Anne Gilleran, Senior Pedagogical Adviser at eTwinning’s Central Support Service, served as moderator for the panel. She gave a lively introductory presentation Illustrated by reportages and interviews that followed the development of eTwinning from its inception until today. “eTwinning is a successful endeavour and it’s growing every day!”
She highlighted the many different opportunities that eTwinning offers, such as tools for communicating, sharing, learning, and teachers’ professional development aids such as learning events and pedagogical workshops. “ eTwinning arrives just at the right time, when teachers have a need.”
Then she gave the floor to the panel:
• Carlos Medina, Spanish Ministry of Education: “there is no bureaucracy; eTwinning offers reliable support.”
• Luca Volonté, Lombardia Regional School Office Representative: “this is a new approach, eTwinning represents a total engagement. Pupils have an active role. Teachers are taken out from their routine. “
• Eugenio Rivière, DG Education and Culture, European Commission: it was indeed a great idea to provide a tool such as eTwinning instead of simply funding a new project. eTwinners feel the complete ownership of the project.
• Tomacz Szymczak, Fundacja Rozwoju Systemu Edukacji: the success of eTwinning comes also from the fact that it has been fully designed from the bottom up.
Anne Looney structured her workshop around 3 main issues:
1. Where policies happen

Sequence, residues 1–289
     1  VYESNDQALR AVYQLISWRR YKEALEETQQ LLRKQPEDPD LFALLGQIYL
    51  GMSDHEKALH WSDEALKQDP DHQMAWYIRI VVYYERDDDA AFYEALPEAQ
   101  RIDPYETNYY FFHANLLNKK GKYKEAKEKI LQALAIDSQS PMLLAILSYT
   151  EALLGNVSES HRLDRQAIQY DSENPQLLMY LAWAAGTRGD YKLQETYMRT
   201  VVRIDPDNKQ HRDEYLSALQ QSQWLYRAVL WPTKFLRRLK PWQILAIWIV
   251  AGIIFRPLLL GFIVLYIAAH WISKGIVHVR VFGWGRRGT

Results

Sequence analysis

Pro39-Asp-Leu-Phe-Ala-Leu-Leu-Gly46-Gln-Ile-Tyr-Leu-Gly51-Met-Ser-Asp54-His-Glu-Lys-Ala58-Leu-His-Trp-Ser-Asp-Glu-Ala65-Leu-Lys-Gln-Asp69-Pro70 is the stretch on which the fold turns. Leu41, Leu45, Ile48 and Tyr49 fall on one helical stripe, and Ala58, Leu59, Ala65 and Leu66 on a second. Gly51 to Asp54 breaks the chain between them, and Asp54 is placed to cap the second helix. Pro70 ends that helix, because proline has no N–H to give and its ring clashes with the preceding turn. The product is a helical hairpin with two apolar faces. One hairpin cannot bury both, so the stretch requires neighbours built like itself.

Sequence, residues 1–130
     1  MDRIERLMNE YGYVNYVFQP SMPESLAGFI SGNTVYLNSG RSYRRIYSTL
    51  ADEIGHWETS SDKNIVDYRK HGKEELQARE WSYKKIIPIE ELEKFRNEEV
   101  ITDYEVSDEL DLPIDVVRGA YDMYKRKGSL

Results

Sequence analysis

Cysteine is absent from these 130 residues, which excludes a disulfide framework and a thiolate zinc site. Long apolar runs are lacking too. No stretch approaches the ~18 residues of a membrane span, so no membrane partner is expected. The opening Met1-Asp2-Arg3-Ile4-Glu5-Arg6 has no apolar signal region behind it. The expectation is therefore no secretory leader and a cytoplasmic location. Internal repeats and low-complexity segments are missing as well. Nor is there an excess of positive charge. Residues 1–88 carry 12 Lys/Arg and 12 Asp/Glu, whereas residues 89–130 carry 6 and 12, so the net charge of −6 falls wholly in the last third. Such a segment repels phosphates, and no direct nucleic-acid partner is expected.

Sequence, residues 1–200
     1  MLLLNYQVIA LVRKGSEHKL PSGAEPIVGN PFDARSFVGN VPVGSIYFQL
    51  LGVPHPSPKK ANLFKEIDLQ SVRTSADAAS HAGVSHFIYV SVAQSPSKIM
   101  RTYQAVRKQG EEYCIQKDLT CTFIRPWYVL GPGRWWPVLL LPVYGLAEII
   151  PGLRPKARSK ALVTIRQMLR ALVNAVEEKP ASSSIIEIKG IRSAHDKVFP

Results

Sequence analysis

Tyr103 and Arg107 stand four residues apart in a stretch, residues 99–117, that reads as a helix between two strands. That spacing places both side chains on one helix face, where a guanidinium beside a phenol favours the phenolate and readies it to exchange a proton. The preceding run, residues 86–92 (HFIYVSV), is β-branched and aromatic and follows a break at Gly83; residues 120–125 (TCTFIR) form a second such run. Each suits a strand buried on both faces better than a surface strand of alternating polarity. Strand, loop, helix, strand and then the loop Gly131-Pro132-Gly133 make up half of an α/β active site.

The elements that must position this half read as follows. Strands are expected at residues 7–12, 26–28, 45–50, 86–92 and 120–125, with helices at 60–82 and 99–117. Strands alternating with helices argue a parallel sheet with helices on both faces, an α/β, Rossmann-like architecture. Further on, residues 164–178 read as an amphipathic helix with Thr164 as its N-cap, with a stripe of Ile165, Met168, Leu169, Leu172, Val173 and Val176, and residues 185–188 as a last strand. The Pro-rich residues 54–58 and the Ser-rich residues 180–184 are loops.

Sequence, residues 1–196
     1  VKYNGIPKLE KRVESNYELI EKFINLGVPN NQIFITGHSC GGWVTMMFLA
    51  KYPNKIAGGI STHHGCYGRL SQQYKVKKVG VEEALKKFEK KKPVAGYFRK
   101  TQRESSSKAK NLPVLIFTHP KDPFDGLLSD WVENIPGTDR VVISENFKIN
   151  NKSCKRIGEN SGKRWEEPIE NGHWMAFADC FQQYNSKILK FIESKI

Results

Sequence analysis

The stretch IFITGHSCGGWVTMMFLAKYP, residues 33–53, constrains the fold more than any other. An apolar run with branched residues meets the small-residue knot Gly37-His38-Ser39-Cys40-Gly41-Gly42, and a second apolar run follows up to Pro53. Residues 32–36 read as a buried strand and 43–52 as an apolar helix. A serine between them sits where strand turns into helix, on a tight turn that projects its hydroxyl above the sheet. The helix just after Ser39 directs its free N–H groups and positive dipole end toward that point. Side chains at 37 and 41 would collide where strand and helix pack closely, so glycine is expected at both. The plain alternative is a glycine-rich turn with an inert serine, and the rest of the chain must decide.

2. Identify burning platforms
3. How eTwinning can respond to these burning platforms
1. Where policies happen
2. Identifying burning platforms to be tackled in the coming months/years
- Drop out rates
- Performance gap (class, gender, race)
- Initial teacher training
- Out of date textbooks/ quality of teaching material
- Transition between school / work / university
- Special needs in mainstream education
- Teacher appraisal
- Unrealistic demands
3. How can eTwinning address these burning issues?
The last question generated a debate between policy makers and educational practitioners attending the workshop.
Notably, from a teacher’s point of view, eTwinning has remotivated her: “eTwinning is an amazing channel to make new friends across Europe, which enables eTwinners to share best practices.”
Policy makers are not that interested in the development of friendships among teachers; they prefer to observe an impact on pupils.
Thus the Education, Audiovisual and Culture Executive Agency representative mentioned the ongoing impact survey, which will be available mid 2012. It should provide evidence that eTwinning increases pupils’ motivation and autonomy.
The workshop continued the through the 2nd day of the conference.
By the end of the session a common agreement had been reached: eTwinning should stay flexible and free and shouldn’t be overly controlled, as it is a safe environment. The general feeling was, “Do we really need to embed eTwinning in education policies? Don’t we risk diluting the essence of eTwinning?” It was further agreed that the space for pupils should be fostered, as they are at the heart of education policies and they themselves can bring innovation into the mix.